SLO Grown Produce

Flexibility and determination are two necessary strengths of a farmer, at least we learned they are for Arroyo Grande farmer Philip Langston and wife Nancy of SLO Grown Produce. Last month a storm took them out of operation for 5 days. For a hydroponics system, that means crops dry out and die and the only option is to start all over. It’s this hopeful and resilient spirit that has kept SLO Grown rooted in the SLO County farming industry since 1991.

A crop science graduate of Cal Poly, Philip’s work has always been in controlled environmental farming. He managed a green house for some time after college before he and Nancy started to research their own operation. With some helpful direction from Score (Business Mentoring) and a sweet dose of serendipity, they were very much guided to the land they occupy in rural AG. One can tell Nancy loves to tell the story of how they started out. Born from a desire to spend their days in each other’s company, they put a classified ad in the local paper. Wanted: land to lease long-term for a greenhouse, must be near the coast. “We asked God to please send us a nice family,” recalls Nancy.

Sure enough, the Smith family answered their call. Mrs. Smith said she had never known her husband to read the wants ads except for that one Sunday. Mr. Smith invited Philip and Nancy out to the ranch, where cattle were raised at the time. A former PT Boat Captain in World War 2 and football coach, Mr. Smith came across as a tough and honest man. Nancy had a good feeling about him and their first five-year lease was sealed with a handshake. The Smiths have been family ever since.

The SLO Grown hydroponic greenhouse took a year to build and was erected solely by Philip and Nancy, and a few friends who came to help on the weekends. They created a game to see how fast they could put a truss together and after 9 months of building trusses every day they reached their fastest time of 20 minutes. Nancy even did all of the electrical wiring. The only thing they didn’t do themselves was install the high-pressure gas line.

The greenhouse is fully run by the hydroponic system. Water runs through a structure of connected tubes, gets filtered and then goes back into the system. The plants sit in little holes and the roots grow inside the tube. Water runs for 15 minutes every hour in the super efficient system. The only water loss is what the plants use and the fertilizer stays inside the plant.

Since we visited soon after their product loss from the storm we got to see production working double time in the various stages of growth. There’s a nursery area with the starts. It takes 2-3 weeks on the bench before they are ready to go into production and then another few months of growing time. Philip and Nancy gave us a tour to showcase their multiple varieties of basil, tomatoes, cucumbers, bell peppers, eggplant and green beans. They even have a 4-acre olive orchard (all Tuscan varieties), which they press to produce their private label oil, Lone Oak Olive Oil.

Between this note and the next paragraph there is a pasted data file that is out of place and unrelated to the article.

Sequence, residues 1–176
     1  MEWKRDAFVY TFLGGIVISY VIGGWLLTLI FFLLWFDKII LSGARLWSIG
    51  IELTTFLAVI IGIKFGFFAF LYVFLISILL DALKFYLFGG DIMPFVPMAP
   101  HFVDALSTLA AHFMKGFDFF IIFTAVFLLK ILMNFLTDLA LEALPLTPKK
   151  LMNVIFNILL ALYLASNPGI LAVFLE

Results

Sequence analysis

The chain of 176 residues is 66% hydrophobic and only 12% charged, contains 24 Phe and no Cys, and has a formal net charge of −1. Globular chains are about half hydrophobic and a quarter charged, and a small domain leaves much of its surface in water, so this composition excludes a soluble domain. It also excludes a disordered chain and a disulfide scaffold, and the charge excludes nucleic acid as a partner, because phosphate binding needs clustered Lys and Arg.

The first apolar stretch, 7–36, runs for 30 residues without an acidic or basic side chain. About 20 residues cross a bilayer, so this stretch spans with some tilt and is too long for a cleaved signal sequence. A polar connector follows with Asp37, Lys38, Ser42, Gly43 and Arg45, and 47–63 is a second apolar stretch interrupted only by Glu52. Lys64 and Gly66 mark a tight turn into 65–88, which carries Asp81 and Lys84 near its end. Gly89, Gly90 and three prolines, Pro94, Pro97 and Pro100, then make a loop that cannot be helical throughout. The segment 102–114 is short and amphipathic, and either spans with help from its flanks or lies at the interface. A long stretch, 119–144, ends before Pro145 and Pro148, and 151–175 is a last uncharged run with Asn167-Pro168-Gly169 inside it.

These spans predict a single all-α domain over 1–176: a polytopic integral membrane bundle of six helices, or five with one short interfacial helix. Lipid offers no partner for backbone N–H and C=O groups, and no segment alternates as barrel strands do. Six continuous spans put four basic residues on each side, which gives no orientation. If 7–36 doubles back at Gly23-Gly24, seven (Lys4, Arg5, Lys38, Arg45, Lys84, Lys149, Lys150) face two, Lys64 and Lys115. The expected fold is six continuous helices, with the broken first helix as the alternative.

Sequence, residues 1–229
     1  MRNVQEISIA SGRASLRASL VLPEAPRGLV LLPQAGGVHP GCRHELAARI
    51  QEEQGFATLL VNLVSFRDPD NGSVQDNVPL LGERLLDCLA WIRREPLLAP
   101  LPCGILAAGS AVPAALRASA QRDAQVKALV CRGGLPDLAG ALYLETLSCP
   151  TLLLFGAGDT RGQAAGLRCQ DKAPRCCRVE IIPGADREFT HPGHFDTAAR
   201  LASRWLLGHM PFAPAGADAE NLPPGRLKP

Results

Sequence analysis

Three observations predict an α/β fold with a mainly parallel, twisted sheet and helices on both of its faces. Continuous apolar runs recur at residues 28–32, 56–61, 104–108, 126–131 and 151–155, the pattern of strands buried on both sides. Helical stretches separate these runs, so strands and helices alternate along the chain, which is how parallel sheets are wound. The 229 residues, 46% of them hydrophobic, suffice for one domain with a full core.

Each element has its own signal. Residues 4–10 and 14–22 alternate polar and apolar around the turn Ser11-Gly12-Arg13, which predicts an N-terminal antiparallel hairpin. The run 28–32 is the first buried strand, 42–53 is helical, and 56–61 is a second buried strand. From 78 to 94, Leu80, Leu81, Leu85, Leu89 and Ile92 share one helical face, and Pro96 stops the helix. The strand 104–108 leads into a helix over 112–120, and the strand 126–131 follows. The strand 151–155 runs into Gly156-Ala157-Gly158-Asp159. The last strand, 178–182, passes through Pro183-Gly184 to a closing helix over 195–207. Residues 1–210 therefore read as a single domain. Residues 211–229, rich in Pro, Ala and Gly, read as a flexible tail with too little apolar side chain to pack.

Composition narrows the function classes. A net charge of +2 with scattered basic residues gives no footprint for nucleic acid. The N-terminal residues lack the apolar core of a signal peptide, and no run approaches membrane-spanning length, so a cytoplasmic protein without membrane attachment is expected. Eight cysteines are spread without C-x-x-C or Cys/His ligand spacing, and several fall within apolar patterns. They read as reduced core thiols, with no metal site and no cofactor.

Most impressive are their organic and sustainable farming methods. They control crop-damaging pests with Lady Bugs, predatory wasps and midges. Philip’s other calling in life was to be a botanist but Nancy says he could have just as easily been an entomologist with his vast knowledge of bugs. When the plants are transferred to soil they are grown in a media called Coir: ground coconut husks. Philip says it’s a neutral media, so it doesn’t have any biological affect on the plants. It’s also renewable and compostable as its final resting place at SLO Grown is around the olive trees.


In the last couple of years Nancy has had to focus on her health and says she misses going to market and connecting with the community. The market is where they connect with local chefs and find out what is needed. Staying flexible and productive is a fine balance, as they shoot for big production with little overage. Our produce buyer finds Philip at the weekly markets but he also makes deliveries as needed to local restaurants that include Big Sky, Sally Loo’s, Honeymoon Café, and Ember.

To try their fresh and organic produce or award-winning olive oil you can find SLO Grown Produce at the following markets:
Baywood on Monday
Smart & Final in Arroyo Grande on Wednesday
Morro Bay on Thursday
Madonna Plaza in SLO on Saturday morning
Village of Arroyo Grande on Saturday afternoon

Discover more about SLO Grown Produce by visiting their website: